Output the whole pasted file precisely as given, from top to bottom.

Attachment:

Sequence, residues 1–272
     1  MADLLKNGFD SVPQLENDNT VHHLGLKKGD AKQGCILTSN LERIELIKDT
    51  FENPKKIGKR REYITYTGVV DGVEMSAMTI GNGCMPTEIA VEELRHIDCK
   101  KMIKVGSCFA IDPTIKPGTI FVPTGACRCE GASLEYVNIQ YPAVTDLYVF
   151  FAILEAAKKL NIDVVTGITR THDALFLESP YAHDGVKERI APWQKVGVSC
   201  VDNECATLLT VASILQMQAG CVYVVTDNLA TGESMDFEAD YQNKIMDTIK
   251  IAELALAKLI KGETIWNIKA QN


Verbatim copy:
Sequence, residues 1–272
     1  MADLLKNGFD SVPQLENDNT VHHLGLKKGD AKQGCILTSN LERIELIKDT
    51  FENPKKIGKR REYITYTGVV DGVEMSAMTI GNGCMPTEIA VEELRHIDCK
   101  KMIKVGSCFA IDPTIKPGTI FVPTGACRCE GASLEYVNIQ YPAVTDLYVF
   151  FAILEAAKKL NIDVVTGITR THDALFLESP YAHDGVKERI APWQKVGVSC
   201  VDNECATLLT VASILQMQAG CVYVVTDNLA TGESMDFEAD YQNKIMDTIK
   251  IAELALAKLI KGETIWNIKA QN